Jeremy Jordan leads the cast as the introspective and curious writer, offering a charming portrayal of Barrie with just enough youthful energy, as well as some needed restraint to capture the societal restraints of the time period. This juxtaposition, especially in the rendition of “We Own the Night (The Dinner Party),” where Barrie fights the rigidity of his peers with the compelling pull of his “inner child,” makes for excellent theatre. Jordan is at his best in his solos and when he leads the rest of the cast in song and dance, like in the extremely enjoyable “Believe,” a performative treat for the eyes and ears. He also provides the money notes for “Neverland” and “What You Mean to Me,” making you question why you missed him in Newsies or Bonnie and Clyde (or Smash, for those of us who were smart enough to give up on it after Season 1). He is the talented leading man who is constrained, like his character, by the conventions imposed upon him; here, the lackluster score and the derivative staging keep him from sailing to “the second star to the right and straight on till morning”—he is forced to sell a bad opening number, (“Prologue”) and “Circus of Your Mind” to establish the inner workings of J. M. Barrie’s unconventional mind. In a way, his biggest “Captain Hook” is the material that fights him along the star-lit way to Neverland.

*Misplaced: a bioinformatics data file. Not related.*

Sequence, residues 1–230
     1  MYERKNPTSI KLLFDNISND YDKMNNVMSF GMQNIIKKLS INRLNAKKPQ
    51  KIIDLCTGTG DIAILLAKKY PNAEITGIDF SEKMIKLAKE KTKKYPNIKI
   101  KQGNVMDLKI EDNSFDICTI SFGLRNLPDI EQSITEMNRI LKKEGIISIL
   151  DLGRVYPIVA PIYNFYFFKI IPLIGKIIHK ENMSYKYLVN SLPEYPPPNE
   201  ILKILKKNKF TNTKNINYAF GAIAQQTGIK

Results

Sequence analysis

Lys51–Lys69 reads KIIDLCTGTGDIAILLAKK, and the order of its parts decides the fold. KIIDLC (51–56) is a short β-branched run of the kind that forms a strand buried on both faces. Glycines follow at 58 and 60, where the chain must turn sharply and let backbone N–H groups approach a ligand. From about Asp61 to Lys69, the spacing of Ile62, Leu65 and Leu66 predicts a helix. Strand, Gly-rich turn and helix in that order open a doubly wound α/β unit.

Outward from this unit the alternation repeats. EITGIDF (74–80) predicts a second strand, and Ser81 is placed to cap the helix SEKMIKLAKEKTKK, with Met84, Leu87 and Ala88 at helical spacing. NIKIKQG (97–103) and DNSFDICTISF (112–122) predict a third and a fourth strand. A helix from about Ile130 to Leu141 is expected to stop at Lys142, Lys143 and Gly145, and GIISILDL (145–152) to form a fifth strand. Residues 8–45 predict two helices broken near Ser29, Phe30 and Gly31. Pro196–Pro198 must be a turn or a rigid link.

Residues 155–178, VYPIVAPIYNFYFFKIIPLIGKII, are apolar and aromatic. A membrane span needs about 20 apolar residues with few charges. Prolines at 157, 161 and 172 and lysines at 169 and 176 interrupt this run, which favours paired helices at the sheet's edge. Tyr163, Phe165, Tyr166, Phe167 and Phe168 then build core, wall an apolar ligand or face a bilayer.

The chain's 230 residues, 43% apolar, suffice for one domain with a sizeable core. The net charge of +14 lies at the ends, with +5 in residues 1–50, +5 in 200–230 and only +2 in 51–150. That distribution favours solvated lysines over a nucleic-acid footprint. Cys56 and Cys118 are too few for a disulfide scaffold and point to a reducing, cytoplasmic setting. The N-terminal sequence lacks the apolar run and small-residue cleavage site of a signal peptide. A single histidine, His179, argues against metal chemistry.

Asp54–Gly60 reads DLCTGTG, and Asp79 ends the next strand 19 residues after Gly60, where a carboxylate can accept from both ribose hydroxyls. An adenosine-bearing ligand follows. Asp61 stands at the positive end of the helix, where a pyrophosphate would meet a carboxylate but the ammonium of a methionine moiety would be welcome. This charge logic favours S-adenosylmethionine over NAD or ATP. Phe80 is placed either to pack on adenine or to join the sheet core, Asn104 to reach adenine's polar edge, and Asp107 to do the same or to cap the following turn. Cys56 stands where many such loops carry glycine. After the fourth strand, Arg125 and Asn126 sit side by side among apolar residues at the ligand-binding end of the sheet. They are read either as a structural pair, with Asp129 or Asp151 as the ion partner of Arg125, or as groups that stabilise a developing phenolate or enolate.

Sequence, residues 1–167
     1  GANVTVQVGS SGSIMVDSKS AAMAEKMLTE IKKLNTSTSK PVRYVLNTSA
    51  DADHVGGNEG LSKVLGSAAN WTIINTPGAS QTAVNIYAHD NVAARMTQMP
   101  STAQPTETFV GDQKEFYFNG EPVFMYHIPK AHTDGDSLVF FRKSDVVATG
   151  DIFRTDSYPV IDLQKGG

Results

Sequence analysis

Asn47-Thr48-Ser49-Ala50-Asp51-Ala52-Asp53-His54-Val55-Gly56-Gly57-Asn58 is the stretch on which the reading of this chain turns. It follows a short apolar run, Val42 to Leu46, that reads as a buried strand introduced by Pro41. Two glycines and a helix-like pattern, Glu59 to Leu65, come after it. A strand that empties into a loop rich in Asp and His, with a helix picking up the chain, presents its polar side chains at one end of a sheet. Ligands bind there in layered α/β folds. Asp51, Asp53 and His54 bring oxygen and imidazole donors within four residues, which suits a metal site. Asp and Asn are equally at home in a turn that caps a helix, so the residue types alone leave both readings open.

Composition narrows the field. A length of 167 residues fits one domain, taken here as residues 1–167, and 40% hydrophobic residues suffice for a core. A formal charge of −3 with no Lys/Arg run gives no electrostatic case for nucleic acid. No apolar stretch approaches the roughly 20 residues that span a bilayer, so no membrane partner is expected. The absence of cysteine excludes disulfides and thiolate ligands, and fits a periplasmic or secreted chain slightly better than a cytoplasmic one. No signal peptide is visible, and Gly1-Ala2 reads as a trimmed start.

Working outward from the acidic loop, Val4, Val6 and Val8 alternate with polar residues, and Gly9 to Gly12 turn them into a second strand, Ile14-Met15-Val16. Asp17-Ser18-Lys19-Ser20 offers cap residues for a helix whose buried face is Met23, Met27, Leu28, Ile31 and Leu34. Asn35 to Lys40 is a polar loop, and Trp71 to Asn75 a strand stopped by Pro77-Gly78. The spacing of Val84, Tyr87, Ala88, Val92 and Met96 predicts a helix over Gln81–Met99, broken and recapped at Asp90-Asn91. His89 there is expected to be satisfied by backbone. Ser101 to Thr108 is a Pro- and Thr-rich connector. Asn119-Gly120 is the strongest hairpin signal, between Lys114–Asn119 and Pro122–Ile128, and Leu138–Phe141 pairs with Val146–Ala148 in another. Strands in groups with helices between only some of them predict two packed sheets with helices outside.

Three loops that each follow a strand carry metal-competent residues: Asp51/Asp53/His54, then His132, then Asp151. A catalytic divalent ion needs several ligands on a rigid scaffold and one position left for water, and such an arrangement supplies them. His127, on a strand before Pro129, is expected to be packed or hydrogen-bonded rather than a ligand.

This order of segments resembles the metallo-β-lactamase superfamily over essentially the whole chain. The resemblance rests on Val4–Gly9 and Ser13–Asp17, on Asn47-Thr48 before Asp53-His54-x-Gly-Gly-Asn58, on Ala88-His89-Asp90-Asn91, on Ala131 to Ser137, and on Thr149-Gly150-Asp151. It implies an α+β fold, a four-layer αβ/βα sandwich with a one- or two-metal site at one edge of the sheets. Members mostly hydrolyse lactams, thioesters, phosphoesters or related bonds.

Laura Michelle Kelly fares little better as the widowed mother of four excitable young boys. Kelly has a million-watt smile that any man would like to light up, and her dialogue with Jordan’s Barrie is lightning brilliant. But the score counters their natural chemistry with music that sits in an uncomfortable break in Kelly’s voice. Why did Barlow and Kennedy write music to soar in the soprano register, suitable for a whimsical damsel in distress or little girl? Kelly’s Sylvia is a grown woman: a mother of four with a lost love, the spark inside her makes her akin to Mary Poppins, South Pacific’s Nellie Forbush, and Beauty and the Beast’s Belle all rolled into one. Kelly’s voice is sweet, especially in “What You Mean to Me,” a duet with Jordan, but her voice has some unabashed strength in “All That Matters.” These moments are too short, too sweet, and too few and far between to do the Broadway/West End actress and singer artistic justice, or to allow for her success in this role.
To say that the book and score needs work is a common critique. This production runs over two-and-a-half hours, but barely features the incomparable Carolee Carmello (partly due to the role—what do you expect with her glorified cameo in the original movie?) and seems to offer Michael McGrath more than his fair share of solos leading the ensemble in song (“Better” is a weak introduction to the show, and “Hook” barely manages to keep us hooked). To their credit, the Llewelyn Davies boys (Sawyer Nunes as George, Gemme as Peter, Hayden Signoretti as Jack, and Alex Dreier as Michael) create wonderfully unique characters, despite their limited materials and one-line commentaries dispersed throughout the show’s action. Special kudos to Dreier’s Michael, rendered by an actor dynamic and mature beyond his years. The boys’ quartet, “We’re All Made of Stars” is a delightful success, conveying childhood imagination and artistic skill.